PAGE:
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Clinical cancer research : an official journal of the American Association for Cancer Research

BATF2 Deficiency Promotes Progression in Human Colorectal Cancer via Activation of HGF/MET Signaling: A Potential Rationale for Combining MET Inhibitors with IFNs.


PMID 25762344

Abstract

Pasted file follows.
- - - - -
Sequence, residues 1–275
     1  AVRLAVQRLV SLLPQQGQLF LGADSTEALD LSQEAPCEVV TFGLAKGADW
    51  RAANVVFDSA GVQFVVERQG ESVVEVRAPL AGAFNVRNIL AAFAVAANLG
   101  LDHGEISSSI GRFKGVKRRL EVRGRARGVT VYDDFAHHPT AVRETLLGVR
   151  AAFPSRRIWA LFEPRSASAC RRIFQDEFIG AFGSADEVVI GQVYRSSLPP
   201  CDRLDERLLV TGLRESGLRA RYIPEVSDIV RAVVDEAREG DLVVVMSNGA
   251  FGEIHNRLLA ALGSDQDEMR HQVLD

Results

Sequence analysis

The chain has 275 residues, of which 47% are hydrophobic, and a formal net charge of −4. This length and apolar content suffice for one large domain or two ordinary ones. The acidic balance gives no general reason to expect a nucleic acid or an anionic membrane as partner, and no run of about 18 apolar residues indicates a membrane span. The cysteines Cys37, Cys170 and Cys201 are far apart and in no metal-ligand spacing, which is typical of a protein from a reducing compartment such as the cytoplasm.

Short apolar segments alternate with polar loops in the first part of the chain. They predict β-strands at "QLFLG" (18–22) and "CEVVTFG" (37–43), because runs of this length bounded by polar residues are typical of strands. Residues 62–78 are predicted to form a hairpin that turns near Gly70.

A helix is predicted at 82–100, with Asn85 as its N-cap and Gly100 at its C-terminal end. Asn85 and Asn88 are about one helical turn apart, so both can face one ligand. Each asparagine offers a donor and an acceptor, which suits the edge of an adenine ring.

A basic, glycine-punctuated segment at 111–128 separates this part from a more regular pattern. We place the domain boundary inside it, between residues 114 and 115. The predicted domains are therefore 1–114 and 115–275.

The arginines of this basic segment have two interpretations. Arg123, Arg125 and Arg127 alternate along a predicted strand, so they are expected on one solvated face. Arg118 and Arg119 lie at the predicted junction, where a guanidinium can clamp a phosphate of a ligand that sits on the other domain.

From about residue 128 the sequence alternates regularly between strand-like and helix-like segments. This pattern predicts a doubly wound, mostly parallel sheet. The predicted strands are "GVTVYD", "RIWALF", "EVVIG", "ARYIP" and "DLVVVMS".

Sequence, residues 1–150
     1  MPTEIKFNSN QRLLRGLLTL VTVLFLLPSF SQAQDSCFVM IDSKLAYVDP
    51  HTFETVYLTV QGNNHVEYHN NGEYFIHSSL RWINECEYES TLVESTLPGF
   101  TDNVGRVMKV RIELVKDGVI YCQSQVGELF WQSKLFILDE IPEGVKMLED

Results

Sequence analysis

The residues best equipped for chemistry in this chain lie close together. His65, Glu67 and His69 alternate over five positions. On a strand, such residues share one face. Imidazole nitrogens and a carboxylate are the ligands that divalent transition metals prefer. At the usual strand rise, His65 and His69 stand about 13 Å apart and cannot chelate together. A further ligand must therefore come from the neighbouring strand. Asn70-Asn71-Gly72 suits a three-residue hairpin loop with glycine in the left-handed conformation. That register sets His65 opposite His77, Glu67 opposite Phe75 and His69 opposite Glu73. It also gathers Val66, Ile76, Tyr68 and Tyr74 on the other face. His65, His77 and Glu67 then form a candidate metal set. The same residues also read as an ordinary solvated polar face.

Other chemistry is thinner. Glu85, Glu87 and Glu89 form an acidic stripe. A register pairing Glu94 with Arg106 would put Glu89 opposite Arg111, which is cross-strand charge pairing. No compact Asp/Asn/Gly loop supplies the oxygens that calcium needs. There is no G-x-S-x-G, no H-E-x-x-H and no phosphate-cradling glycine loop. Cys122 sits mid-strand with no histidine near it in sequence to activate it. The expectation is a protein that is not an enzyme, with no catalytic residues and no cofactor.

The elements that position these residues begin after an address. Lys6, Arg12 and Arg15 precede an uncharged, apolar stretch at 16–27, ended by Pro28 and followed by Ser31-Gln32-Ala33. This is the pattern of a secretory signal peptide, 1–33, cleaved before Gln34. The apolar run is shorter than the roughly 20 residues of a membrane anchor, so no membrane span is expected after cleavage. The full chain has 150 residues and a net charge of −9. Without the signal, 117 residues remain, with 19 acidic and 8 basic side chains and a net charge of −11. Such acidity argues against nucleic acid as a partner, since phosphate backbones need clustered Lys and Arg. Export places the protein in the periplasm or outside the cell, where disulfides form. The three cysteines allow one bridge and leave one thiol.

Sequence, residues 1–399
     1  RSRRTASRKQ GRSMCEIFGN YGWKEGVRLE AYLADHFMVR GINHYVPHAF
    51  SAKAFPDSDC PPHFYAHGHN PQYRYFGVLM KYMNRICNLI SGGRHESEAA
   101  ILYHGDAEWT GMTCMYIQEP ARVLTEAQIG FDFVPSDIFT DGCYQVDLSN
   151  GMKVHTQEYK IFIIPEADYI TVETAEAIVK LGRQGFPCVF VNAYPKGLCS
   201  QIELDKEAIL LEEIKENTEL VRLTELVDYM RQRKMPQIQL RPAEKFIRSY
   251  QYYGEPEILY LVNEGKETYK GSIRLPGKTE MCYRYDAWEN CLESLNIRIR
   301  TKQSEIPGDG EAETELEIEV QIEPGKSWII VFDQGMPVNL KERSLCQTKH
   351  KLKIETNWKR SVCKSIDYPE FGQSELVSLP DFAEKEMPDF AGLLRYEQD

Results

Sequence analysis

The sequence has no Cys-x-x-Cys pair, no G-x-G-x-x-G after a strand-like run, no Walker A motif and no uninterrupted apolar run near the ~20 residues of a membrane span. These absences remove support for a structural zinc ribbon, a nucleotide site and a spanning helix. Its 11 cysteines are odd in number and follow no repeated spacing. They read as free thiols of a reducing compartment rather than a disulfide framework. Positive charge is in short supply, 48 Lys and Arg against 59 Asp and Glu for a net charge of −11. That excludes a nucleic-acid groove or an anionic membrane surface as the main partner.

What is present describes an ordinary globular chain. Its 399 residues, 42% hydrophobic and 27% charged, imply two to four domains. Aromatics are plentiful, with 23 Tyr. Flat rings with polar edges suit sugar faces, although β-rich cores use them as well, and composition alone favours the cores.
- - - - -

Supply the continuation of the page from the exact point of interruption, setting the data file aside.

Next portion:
BATF2, a novel IFN-stimulated gene, inhibits tumor cell proliferation, invasion, and migration. The objectives of this study were to determine how BATF2 expression is associated with colorectal cancer progression and patient outcome, to investigate how BATF2 overexpression inhibits hepatocyte growth factor (HGF)/MET signaling, and to elucidate the rationale for combining MET inhibitors with IFN. BATF2 expression in colorectal cancer tissues was determined and correlated with colorectal cancer patient prognosis. Cultured colorectal cancer cells were used to investigate the effects of BATF2 overexpression on the malignant phenotype of colorectal cancer cells and HGF/MET signaling. Tumor xenograft models were used to validate the effects of BATF2 on colorectal cancer xenograft growth and assess the efficacy of the combination of MET inhibitors with IFNs in colorectal cancer. In colorectal cancer tissues, BATF2 was found to be significantly downregulated, and its expression negatively correlated with MET expression. Decreased BATF2 expression was associated with progression and shorter patient survival in colorectal cancer. BATF2 overexpression promoted apoptosis and inhibited proliferation, migration, and invasion in colorectal cancer cells, as well as dramatically blunted tumor xenograft growth. In addition, MET inhibitors in combination with IFNβ produced synergistic cytotoxicity both in vitro and in vivo. Together, these novel findings suggest that BATF2, a tumor suppressor gene, is a potent negative regulator of HGF/MET signaling in colorectal cancer and may serve as a prognostic tumor marker. Furthermore, these results provide a rationale for combining MET inhibitors with IFNs in preclinical trials.